As the Massapequas became heavily populated in the years after World War II, stores, churches, schools and entertainment centers developed to meet the needs of new homeowners. It’s revealing to notice that for many years any resident wishing to go to indoor movies would need to travel outside Massapequa (as they need to do today)! The Massapequa Post in 1955 advertised movies showing in Amityville, Merrick and Farmingdale, but none in the Massapequas. The first indoor theater was created in September 1960 on the second floor of the newly-opened Bar Harbour Shopping Center (today Southgate Shopping Center). The first feature was “The Mouse That Roared,” shown on a wide screen with air conditioning. That theater lasted until 1980, when the Southgate Apartments were built and the shopping center was redesigned with fewer stores. The theater was subdivided into several businesses, which continue to occupy the space today.
The Pequa Theater opened about the same time and was designed as a modern, high-ceilinged theater on Sunrise Highway (see image). It featured an all-glass lobby and exposed ceiling joists and showed adult themed first run movies. Long-time residents remember that it was a very comfortable theater with good sight lines and acoustics. It closed later than the Bar Harbour Theater, lasting until 1988, when it was purchased by a car dealership. The Datsun Motor Company (later changed to Nissan) bought the site and it is today a Nissan and Infiniti dealership.
One of the most unique theaters built in the entire Long Island area was the Jerry Lewis Theater, opened in December 1972, on the site of a former drive-in. Love At First Bite was the first showing. Jerry Lewis was an enormously popular entertainer, in the 1950s with his partner Dean Martin, in the 1960s as a star in many comedy films, and from the 1970s as director of the Labor Day weekend telethon to raise money for Muscular Dystrophy research and treatment. He combined with the Network Cinema Corporation to open a chain of theaters across the country. These would be small, with about 200 seats, technologically sophisticated so they could be run by as few as two people, showing second run family run movies and charging low admission prices to attract families. Three others were located on Long Island, in East Meadow, Lake Ronkonkoma and Center Moriches. There was, however, little advertising or oversight of each theater, so it was left to the franchisee to sink or swim. Most sank very quickly, including Massapequa’s theater, which closed in 1980. The building subsequently housed several businesses and is today a Staples store in the rear of the Phillips Shopping Center. Of the 130 theaters in the Jerry Lewis chain, 12 are still open, under different names. There are none in the New York area.
The Jerry Lewis Theater replaced the first theater in the Massapequas, the Massapequa Drive-In, which opened in 1952 to the rear of what was Frank Buck’s Zoo and became the much smaller Grimaldi’s Kiddie World. The theater was one of many drive-ins that opened after the war across the country. Several others on Long Island included those in Valley Stream, Bay Shore, Westbury and Huntington. They were very popular with families and with teenagers (for reasons that won’t be discussed here).The Massapequa Drive-In showed double features, such as From Here to Eternity and The Solid Gold Cadillac in June 1960. It was usually opened in the warmer months, but there are advertisements in the Massapequa Post about shows in the winter (Quo Vadis in January 1965, for example). The Massapequa site felt the same pressure as other drive – in locations as the population grew and demands for houses and stores increased. It lasted until 1972, when it was replaced by the Jerry Lewis Theater and several other stores in the Phillips Shopping Center.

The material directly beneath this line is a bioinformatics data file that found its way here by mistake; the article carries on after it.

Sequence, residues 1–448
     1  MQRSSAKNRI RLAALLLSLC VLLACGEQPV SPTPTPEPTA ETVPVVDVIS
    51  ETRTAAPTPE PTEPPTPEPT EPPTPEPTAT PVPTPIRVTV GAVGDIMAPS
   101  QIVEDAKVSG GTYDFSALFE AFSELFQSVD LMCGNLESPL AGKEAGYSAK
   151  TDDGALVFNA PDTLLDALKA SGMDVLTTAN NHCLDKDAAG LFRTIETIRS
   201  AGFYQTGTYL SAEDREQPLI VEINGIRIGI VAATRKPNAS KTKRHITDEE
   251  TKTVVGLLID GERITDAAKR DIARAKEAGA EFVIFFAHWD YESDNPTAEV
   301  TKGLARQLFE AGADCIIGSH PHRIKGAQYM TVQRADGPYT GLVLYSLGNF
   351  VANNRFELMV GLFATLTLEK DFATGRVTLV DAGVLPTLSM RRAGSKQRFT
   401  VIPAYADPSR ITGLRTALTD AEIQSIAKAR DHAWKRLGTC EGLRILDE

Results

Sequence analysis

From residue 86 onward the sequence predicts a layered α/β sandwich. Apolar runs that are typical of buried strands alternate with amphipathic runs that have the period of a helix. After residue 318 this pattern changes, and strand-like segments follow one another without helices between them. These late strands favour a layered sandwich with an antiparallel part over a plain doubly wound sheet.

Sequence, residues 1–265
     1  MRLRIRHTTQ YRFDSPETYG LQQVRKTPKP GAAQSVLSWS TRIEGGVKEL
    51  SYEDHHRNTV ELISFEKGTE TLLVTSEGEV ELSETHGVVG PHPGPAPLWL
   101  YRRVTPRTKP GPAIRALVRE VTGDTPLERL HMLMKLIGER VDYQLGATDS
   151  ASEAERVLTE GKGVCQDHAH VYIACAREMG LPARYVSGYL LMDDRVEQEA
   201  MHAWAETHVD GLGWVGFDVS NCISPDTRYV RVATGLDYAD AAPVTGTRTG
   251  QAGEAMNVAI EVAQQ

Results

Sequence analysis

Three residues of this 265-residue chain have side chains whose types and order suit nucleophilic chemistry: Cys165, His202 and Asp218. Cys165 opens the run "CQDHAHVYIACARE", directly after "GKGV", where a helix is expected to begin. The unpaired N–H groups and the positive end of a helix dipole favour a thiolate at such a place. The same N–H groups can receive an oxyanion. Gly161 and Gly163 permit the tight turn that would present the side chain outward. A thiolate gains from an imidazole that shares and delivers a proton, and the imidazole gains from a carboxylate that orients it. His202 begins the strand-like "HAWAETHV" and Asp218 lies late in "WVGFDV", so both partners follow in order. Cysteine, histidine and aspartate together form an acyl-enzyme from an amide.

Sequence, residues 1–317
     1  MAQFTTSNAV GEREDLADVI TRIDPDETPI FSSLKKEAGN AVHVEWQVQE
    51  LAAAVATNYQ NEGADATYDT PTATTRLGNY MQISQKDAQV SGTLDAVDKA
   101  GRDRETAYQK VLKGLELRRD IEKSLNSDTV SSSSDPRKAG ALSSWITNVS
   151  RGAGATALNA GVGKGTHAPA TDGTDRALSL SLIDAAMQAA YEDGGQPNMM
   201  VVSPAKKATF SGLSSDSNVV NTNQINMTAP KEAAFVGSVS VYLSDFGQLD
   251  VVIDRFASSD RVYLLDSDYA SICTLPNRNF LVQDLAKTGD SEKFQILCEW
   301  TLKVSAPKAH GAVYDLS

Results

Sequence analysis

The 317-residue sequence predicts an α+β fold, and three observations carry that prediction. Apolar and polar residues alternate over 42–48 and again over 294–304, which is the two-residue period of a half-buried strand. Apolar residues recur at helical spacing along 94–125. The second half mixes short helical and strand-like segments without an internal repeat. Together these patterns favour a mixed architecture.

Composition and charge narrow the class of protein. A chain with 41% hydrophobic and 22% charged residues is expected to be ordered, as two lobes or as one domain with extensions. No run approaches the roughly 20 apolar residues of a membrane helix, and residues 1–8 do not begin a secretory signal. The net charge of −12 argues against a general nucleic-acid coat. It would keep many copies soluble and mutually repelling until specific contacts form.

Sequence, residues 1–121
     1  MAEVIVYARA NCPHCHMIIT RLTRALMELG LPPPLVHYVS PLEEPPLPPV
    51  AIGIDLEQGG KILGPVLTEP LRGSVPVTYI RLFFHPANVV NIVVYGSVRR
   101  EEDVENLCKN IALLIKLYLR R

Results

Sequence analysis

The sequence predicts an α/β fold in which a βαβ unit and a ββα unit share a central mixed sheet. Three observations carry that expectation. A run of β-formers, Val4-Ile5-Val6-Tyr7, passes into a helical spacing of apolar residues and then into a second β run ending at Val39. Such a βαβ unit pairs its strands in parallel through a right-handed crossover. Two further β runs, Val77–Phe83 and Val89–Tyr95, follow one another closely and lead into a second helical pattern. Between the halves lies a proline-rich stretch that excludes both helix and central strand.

All theaters listed above were small, most with one screen, but the 1970s saw the growth of cinemas with many screens, typically five to ten, offering a wide variety of choices. One of these was the Multiplex at Sunrise Mall. The Mall opened in 1973 and the theater in 1976, operated by United Artists. There were originally five screens. Two were added in 1979. Entry was originally on the first floor, but the box office was moved in the early 90s to the second floor, in the center of the mall. Although very popular in the beginning, the site suffered declining attendance through a combination of vandalism and the development of the Farmingdale Tenplex, a few miles north on Route 110. The theaters closed at the end of their lease in 1999 and are now the sites of several stores.
Last and possibly least, there was a small theater in North Massapequa, housed in the shopping center located today at the northwest corner of Jerusalem Avenue and Hicksville Road. It opened in October 1960 and closed in the late 1970s. It was located on the first floor of a two-story building, with a Fred Astaire Dance Studio on the second floor. Patrons remembered being distracted by the dancing, especially the tap classes. Little else is known about the theater except that the Marshall’s Store now occupies the site. Anybody who remembers its name or other features is welcome to comment on the website.